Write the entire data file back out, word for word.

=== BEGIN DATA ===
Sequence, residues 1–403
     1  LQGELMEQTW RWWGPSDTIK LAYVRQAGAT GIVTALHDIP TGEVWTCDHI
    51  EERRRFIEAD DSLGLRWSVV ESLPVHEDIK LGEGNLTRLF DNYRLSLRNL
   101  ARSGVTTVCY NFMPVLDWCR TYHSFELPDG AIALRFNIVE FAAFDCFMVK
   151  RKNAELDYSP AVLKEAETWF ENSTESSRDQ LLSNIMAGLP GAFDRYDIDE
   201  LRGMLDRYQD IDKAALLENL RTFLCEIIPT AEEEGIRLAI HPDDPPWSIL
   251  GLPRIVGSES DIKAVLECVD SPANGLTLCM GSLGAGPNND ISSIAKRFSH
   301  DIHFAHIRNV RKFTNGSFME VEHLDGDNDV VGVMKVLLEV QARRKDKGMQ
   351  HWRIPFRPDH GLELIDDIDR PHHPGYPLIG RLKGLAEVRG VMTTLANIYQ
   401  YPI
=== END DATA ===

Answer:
Sequence, residues 1–403
     1  LQGELMEQTW RWWGPSDTIK LAYVRQAGAT GIVTALHDIP TGEVWTCDHI
    51  EERRRFIEAD DSLGLRWSVV ESLPVHEDIK LGEGNLTRLF DNYRLSLRNL
   101  ARSGVTTVCY NFMPVLDWCR TYHSFELPDG AIALRFNIVE FAAFDCFMVK
   151  RKNAELDYSP AVLKEAETWF ENSTESSRDQ LLSNIMAGLP GAFDRYDIDE
   201  LRGMLDRYQD IDKAALLENL RTFLCEIIPT AEEEGIRLAI HPDDPPWSIL
   251  GLPRIVGSES DIKAVLECVD SPANGLTLCM GSLGAGPNND ISSIAKRFSH
   301  DIHFAHIRNV RKFTNGSFME VEHLDGDNDV VGVMKVLLEV QARRKDKGMQ
   351  HWRIPFRPDH GLELIDDIDR PHHPGYPLIG RLKGLAEVRG VMTTLANIYQ
   401  YPI